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Open Access Research article

Can the type of gallstones be predicted with known possible risk factors?: a comparison between mixed cholesterol and black pigment stones

Harshi TW Weerakoon1*, Jamburagoda GS Ranasinghe2, Ayanthi Navaratna3, Ramaiah Sivakanesan2, Kuda B Galketiya4 and Shanthini Rosairo4

Author Affiliations

1 Department of Biochemistry, Faculty of Medicine and Allied Sciences, Rajarata University of Sri Lanka, Saliyapura, Sri Lanka

2 Department of Biochemistry, Faculty of Medicine, University of Peradeniya, Peradeniya, Sri Lanka

3 Department of Chemistry, Faculty of Science, University of Peradeniya, Peradeniya, Sri Lanka

4 Department of Surgery, Faculty of Medicine, University of Peradeniya, Peradeniya, Sri Lanka

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BMC Gastroenterology 2014, 14:88  doi:10.1186/1471-230X-14-88

Published: 6 May 2014



Pathogenesis of gallstones (GS) is multifactorial and multiple genetic and environmental factors have been identified in different populations for different types of GS with varying prevalence. However the role of the each aetiological factor on the formation of mixed cholesterol and black pigment GS has not being addressed adequately. Hence in this study we attempted to compare known possible risk factors for mixed cholesterol and black pigment GS among two groups of patients with two types of GS.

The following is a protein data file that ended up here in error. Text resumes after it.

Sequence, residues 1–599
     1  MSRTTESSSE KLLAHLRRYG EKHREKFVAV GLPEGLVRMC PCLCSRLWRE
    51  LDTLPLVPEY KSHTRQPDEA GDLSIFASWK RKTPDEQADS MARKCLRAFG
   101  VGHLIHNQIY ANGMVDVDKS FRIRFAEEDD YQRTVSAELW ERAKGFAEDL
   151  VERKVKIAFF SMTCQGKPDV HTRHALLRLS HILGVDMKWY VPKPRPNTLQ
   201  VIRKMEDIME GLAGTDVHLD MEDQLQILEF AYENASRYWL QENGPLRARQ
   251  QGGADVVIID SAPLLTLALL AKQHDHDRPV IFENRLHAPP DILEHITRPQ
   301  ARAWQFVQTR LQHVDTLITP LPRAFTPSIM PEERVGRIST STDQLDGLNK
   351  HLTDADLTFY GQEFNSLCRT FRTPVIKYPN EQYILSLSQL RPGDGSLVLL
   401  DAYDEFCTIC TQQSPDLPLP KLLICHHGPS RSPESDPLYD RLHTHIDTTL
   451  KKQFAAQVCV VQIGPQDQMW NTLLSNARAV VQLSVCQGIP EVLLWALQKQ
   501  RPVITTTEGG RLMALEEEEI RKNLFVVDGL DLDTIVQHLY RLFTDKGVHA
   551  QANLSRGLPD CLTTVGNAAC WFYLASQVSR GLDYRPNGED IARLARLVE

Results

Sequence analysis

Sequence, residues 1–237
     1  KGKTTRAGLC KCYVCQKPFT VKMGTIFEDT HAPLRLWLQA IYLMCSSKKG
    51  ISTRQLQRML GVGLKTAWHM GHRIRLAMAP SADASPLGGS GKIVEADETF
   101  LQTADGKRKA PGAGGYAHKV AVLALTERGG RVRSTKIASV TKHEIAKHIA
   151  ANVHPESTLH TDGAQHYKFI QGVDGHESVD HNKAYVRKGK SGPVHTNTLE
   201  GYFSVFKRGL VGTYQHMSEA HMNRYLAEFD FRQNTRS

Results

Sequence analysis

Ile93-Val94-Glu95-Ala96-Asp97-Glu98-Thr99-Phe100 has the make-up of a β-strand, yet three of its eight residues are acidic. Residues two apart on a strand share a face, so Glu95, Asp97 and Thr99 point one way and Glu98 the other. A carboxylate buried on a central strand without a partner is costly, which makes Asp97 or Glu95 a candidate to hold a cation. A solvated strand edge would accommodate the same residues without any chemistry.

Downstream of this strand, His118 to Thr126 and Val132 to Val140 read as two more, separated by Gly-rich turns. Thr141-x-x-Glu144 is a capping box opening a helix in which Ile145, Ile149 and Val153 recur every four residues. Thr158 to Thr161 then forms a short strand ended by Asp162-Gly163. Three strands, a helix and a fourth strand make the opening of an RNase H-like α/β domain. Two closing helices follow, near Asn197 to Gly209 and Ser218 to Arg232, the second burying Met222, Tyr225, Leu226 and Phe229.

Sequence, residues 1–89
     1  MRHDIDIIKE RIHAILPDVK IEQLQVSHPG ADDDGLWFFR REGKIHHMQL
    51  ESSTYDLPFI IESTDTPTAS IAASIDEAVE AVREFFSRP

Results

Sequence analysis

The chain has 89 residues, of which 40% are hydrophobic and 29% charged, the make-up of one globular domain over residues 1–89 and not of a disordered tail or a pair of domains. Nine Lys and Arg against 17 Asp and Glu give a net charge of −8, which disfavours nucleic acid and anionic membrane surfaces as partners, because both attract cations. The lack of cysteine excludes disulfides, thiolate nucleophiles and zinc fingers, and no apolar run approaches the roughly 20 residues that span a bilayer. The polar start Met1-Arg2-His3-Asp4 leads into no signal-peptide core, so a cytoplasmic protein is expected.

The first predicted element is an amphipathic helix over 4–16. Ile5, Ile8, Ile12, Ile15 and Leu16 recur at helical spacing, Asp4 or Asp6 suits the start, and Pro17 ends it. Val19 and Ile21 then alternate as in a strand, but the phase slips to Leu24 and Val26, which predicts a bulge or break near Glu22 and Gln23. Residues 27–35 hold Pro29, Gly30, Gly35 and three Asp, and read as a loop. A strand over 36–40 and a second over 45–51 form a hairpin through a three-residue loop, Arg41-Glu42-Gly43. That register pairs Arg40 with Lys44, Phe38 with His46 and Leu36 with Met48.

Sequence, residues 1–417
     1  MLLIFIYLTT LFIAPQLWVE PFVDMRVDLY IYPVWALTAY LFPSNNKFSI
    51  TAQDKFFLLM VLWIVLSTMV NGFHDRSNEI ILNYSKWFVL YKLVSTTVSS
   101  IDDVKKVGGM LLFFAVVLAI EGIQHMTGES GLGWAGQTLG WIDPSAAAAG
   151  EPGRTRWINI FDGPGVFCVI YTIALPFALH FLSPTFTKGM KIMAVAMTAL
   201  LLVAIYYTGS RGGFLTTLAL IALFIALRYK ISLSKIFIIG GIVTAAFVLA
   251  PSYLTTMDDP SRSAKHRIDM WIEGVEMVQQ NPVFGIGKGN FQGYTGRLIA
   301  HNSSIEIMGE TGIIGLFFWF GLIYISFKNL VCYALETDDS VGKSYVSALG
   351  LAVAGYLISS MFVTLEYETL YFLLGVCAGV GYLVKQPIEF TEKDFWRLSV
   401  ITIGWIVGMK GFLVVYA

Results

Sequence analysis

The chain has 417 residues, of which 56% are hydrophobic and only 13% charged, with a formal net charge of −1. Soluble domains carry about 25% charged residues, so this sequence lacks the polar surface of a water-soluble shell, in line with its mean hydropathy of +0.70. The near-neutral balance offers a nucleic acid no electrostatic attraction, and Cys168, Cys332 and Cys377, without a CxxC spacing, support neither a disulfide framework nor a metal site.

The study was done on a cohort of patients with symptomatic GS admitted to the Teaching Hospital Peradeniya, Sri Lanka over a period of 18 months. Clinical and epidemiological data and physical parameters of the patients were recorded and surgically removed GS were analyzed chemically and physically to identify the type of GS. In addition lipid profile was done in all the patients with normal serum bilirubin levels.


A total of 86 patients were included in the study. Mixed cholesterol GS was significantly common among females than males (χ2 test, p = 0.029). Mixed cholesterol GS was commonly seen among patients belonging to Moor ethnicity (χ2 test, p = 0.009). Majority of patients with mixed cholesterol GS had body mass index above 25 kg/m22 test, p = 0.018). Black pigment GS were significantly common among patients with type II diabetes mellitus (Fisher’s exact test, p = 0.035). Further all the patients with chronic haemolytic anaemia and alcoholic cirrhosis had black pigment GS. Age, family history, Fasting Blood Glucose, dyslipidaemia, lipid profile, parity and use of oral contraceptive pills in females, smoking and alcohol intake in males did not differ significantly among patients in the two groups.


Gender, ethnicity and body mass index can be used to predict the formation of mixed cholesterol GS and black pigment GS.

Gallstones; Risk factors; Mixed cholesterol; Black pigment